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Iceland's new bill guarantees loans from the UK and Holland to repay those who lost money in Icesave Internet accounts after the country's bank collapse
By Omar R. Valdimarsson
(Bloomberg) — Iceland's parliament passed a foreign depositor bill that marks the final milestone in repairing the island's international investor relations.
The Reykjavik-based assembly voted 33 to 30 to allow the government to provide a state guarantee for loans from the U.K. and the Netherlands to cover depositor claims from the two countries stemming from the collapse of Landsbanki Islands hf.
"I'm very relieved that the bill has been passed, as it's been a burden on Iceland for a long time," Prime Minister Johanna Sigurdardottir said. "The resolution of this case will contribute to Iceland regaining the trust and confidence of the international community."
Thousands of British and Dutch depositors risked losing their savings when Landsbanki collapsed along with the rest of Iceland's over-leveraged banking system in October 2008. By passing the bill, lawmakers have paved the way for unlocking further disbursements from a $4.6 billion bailout from the International Monetary Fund and Nordic countries.
The bill allows Iceland's government to guarantee repayments of as much as 2.35 billion pounds ($3.8 billion) borrowed from the U.K. and 1.2 billion euros ($1.7 billion) borrowed from the Netherlands to repay depositors in the so- called Icesave Internet accounts. Failure to approve the accord would have reignited a dispute that prompted the U.K. last year to use anti-terror legislation to freeze Icelandic assets.
"I believe this is a major step for Iceland in creating a better relationship with other nations, international institutions and investors," Finance Minister Steingrimur J. Sigfusson said in an interview after the vote. "We're now heading towards resurrecting Iceland's reputation as a responsible nation which shoulders its obligations. The resolution of this matter simplifies the tasks that lie ahead, such as creating economic stability."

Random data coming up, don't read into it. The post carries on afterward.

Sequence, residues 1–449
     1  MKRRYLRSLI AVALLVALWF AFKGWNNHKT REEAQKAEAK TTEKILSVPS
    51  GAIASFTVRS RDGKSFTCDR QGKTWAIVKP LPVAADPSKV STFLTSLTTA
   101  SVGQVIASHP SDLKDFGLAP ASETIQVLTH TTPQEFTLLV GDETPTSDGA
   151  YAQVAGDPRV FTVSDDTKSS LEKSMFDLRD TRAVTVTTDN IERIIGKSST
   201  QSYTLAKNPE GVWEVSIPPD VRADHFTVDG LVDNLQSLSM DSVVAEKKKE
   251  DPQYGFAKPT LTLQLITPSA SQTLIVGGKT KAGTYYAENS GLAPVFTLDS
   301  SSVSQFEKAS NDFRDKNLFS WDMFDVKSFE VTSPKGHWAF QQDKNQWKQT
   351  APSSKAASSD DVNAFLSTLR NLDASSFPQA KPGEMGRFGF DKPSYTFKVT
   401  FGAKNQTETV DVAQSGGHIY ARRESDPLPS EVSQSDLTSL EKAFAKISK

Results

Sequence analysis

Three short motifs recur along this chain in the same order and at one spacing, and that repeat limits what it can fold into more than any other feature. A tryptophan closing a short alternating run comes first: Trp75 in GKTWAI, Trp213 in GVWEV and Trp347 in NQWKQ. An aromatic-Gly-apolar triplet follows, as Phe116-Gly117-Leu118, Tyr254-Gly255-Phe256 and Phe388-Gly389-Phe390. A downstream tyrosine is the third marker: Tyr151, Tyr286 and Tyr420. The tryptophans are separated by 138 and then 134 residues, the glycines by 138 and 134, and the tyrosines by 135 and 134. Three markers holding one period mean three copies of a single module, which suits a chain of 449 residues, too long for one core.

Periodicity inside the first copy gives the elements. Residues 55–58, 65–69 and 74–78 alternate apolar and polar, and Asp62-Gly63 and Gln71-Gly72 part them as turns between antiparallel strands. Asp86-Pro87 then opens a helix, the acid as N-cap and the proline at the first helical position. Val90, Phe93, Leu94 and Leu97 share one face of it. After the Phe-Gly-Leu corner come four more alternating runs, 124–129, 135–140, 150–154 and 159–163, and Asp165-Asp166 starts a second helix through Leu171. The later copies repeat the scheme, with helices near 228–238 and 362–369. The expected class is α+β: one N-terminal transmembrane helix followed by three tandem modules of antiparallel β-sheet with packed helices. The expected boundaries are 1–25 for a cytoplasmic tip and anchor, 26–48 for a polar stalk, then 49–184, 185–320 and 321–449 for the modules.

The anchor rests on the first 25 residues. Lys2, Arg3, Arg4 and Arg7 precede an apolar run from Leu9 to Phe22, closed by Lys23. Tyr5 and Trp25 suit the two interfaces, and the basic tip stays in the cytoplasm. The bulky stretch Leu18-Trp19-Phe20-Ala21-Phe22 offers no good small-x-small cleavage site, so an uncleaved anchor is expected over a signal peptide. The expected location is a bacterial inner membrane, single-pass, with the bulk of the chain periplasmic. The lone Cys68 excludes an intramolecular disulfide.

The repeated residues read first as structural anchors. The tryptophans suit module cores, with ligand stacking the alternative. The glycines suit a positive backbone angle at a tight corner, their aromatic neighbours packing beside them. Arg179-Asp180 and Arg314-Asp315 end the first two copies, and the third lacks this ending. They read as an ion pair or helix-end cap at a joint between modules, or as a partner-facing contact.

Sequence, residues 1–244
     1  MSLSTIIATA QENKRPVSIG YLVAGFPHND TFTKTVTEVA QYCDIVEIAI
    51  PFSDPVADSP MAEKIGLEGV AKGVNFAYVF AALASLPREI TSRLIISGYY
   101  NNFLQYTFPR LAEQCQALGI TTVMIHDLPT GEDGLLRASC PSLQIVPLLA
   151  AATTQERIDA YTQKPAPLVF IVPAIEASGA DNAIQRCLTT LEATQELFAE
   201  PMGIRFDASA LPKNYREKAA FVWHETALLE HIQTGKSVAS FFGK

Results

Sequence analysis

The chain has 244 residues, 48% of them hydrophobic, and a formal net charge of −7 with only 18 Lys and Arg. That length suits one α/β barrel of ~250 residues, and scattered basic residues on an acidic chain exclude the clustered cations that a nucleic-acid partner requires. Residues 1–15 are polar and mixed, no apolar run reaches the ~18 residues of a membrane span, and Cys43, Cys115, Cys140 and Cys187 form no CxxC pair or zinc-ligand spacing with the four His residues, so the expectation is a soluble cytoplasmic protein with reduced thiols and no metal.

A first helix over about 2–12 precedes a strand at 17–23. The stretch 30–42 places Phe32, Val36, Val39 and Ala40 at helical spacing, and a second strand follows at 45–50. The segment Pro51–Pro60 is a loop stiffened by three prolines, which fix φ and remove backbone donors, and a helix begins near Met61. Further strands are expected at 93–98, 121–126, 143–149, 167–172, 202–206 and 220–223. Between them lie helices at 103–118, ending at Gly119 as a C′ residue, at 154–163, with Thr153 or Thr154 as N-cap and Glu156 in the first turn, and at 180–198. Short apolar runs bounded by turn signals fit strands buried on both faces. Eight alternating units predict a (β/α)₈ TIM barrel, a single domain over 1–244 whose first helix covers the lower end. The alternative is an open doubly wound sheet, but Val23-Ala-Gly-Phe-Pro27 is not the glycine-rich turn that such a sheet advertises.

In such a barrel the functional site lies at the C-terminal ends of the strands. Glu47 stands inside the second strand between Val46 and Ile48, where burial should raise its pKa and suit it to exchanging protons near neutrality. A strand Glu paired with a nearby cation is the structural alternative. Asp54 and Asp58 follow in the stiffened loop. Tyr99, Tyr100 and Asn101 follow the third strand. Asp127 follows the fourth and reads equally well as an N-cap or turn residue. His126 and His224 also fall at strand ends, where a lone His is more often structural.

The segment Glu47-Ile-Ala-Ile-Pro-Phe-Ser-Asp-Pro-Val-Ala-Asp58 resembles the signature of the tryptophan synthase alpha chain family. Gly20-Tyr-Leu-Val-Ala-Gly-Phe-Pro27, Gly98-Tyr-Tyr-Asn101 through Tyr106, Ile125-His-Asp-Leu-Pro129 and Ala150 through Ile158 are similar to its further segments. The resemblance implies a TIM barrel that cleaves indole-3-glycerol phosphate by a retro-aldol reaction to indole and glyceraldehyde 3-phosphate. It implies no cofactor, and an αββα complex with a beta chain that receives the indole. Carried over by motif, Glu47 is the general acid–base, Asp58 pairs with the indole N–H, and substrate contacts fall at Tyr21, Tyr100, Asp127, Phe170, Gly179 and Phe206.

A tentative agreement on repaying the depositor claims and a state guarantee attached to them was reached on June 6. The agreement had to be ratified by Iceland's parliament which attached conditions to the state guarantee.
Parliament's conditions linked repayments to economic growth, preserved the island's right to legally challenge its payment obligation, and called for a full suspension in repayments in 2024. Some of the conditions were rejected by the U.K. and the Netherlands, sending the three nations back to the negotiating table.
'Very Good News'
"This is very good news on the last day of the year," Dutch Finance Minister Wouter Bos said today in a statement on the ministry's Web site. "It hasn't been an easy process, but Iceland takes its responsibility and that also deserves a compliment."
The bill allows for some of the parliament's original conditions, such as linking payments to economic growth. It also establishes a mechanism on how to settle any outstanding claims in 2024, for which Iceland bears full responsibility. The Netherlands and the U.K. will acknowledge that Iceland has the right to challenge the agreement, according to a joint statement from the three countries published on Oct. 19.
The failure of Landsbanki, Glitnir Bank hf and Kaupthing Bank hf led to the collapse of the currency and forced Iceland to go to the IMF to get a $2.1 billion loan, with a further $2.5 billion pledged by Nordic nations.
To contact the reporter on this story: Omar R. Valdimarsson in Reykjavik firstname.lastname@example.org